What to expect when crossing the Mexican border
If you have never driven across the border, into another country, it can be intimidating. You don’t really know what to expect. Will you be searched? Have you brought more than you are allowed? What questions will they ask? And so on and so on. For some, crossing into Mexico for the first time can be a bit scary perhaps because they have heard stories from their friends or they don’t speak Spanish or a number of other reasons. Let me tell you that first of all, that people do get into trouble at the border, but it is mainly because they are trying to smuggle in items well above and beyond their allowed limit whether it is cases of beer or a flat screen TV for their home or condo. So, if you follow the rules and obey the laws of Mexico, you have nothing to worry about.
The Mexico border crossing that most of us use to get to Rocky Point, Mexico is at Sonoyta, Sonora on the Mexico side and Lukeville, Arizona on the U.S. side. This border is 66 miles from Rocky Point and has two lanes for traffic to pass through if you have nothing to declare and an area to pull over if you have items to declare. So, the first thing to do is figure out if you have any items to declare – this is called “Voluntary Declaration”. If you are not sure if you should declare something it is always better to pull over and ask before trying to cross the border. The Rocky Point Times Newspaper lists the items you are allowed to bring into the country legally in every issue of their newspaper so grab a copy. If you are coming to Laguna Shores Resort or any other resort in Rocky Point chances are you have just brought along your personal items plus a small amount of food. In this case you have no need to stop and declare and this goes for most visitors.
At our Sonoyta border there are three “agencies” you will be involved with when you cross into the country: Immigration, Aduana (duty taxes), and Agriculture. There are actually more, but these are the three most prominent. There are two different paths to follow depending on whether you have items to declare or not. As mentioned above, if you have items to declare you will pull off to the left just as you cross into Mexico. Take the receipts for the items you are declaring into the little building that sits between the incoming and outgoing traffic. In here, they will add up your receipts and minus any deductions you may have coming and assess a percentage to that amount to come up with the amount of taxes you must pay. This figure is in pesos and the percentage depends on the kinds of items you are importing – electronics tend to carry a higher percentage tax. The tax on standard goods can range anywhere from 13% to 18%. Once the officer has figured the tax, you will then go to the bank to pay the tax. If the bank is closed then they have a cash drawer in the office and can take care of your tax payment. After you have paid, the copy of your receipt will be stamped – this makes it official and serves as your receipt. From here you still have to pass through one of the two lanes where you will either get a green light or a red light. Just because you paid taxes does not exempt you from inspection. If you get the green light you are free to pass and if you get the red light (and annoying alarm) the officer will show you where to park so they can inspect your vehicle.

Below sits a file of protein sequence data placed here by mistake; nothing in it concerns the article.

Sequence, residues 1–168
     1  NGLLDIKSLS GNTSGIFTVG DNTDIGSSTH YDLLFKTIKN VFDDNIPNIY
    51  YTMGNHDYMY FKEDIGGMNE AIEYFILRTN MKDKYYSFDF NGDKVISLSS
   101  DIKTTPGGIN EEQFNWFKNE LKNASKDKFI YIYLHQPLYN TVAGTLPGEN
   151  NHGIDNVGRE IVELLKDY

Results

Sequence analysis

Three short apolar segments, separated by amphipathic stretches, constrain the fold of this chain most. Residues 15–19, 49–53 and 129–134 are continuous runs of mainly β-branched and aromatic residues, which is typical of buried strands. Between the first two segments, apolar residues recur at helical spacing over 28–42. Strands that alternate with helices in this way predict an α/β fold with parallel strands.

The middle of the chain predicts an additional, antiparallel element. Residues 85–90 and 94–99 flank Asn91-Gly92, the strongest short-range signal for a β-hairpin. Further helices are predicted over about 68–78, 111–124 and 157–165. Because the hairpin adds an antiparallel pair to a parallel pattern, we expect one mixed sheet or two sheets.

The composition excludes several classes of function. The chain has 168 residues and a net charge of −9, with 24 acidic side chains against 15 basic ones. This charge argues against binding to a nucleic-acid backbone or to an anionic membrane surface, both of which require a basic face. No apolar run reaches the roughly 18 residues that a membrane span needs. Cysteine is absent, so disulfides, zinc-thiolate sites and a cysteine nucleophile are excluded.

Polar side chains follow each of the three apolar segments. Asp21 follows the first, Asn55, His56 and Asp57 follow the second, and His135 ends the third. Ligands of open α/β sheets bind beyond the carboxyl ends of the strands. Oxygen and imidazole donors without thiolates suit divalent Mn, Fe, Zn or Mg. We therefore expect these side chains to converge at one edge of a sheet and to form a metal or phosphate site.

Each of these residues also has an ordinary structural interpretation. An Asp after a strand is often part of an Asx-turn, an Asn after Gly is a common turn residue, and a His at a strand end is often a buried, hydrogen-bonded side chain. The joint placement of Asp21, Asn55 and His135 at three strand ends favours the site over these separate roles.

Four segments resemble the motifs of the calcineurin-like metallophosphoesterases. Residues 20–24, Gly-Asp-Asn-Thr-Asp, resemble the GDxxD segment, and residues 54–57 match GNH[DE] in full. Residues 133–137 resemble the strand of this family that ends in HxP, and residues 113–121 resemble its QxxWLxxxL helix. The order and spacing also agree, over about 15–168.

If you get the red light it is nothing to panic about. Many of the officers speak some English and they ask very simple questions that may include:
- Where are you going?
- What are you bringing into Mexico?
- Would you please open the back of your vehicle for me?
- May I see your Passport?
- Is this your vehicle?
- May I see the registration to your vehicle (and anything you are towing)?
These are some of the more common questions. If they see something that looks interesting or that they do not recognize they may ask you to open the item. They are always polite and you may watch them as they inspect any part of your vehicle. In fact I highly recommend that you do watch anyone searching your property and leave everyone else in the vehicle seated unless they are asked to step out of the vehicle. Many think that the border officers are there to make trouble for visitors, but they are not. They are to make sure you are not bringing illegal items into the country and that you are who you say you are (in some cases). Their job is the same as our U.S. officers. In fact, they are there to help solve problems instead of create them. If you ever feel you have been wronged you make ask to speak to their superior officer and make sure you get the name of the person you have the grievance against. There is really nothing to crossing the border into Mexico at Sonoyta and no reason for panic if you get the red light. Every country monitors who and what comes into their country and Mexico is no different.
After you get through the border and are on your way to Laguna Shores Resort, you’ll say, “That was a piece of cake”. Don’t have reservations at Laguna Shores Resort? Go to their website at www.lagunashoresresorts.com and take a look at their homes and condos for rent and book online. If you have never been to Laguna Shores Resort in Rocky Point, Mexico, check out their Facebook Page www.facebook.com/lagunashoresresort or current reservation specials and packages. And while you’re there, enter to win a fractional share in one of their condos or a vacation package. You can always call their toll free number at 1-800-513-1426 to make a reservation.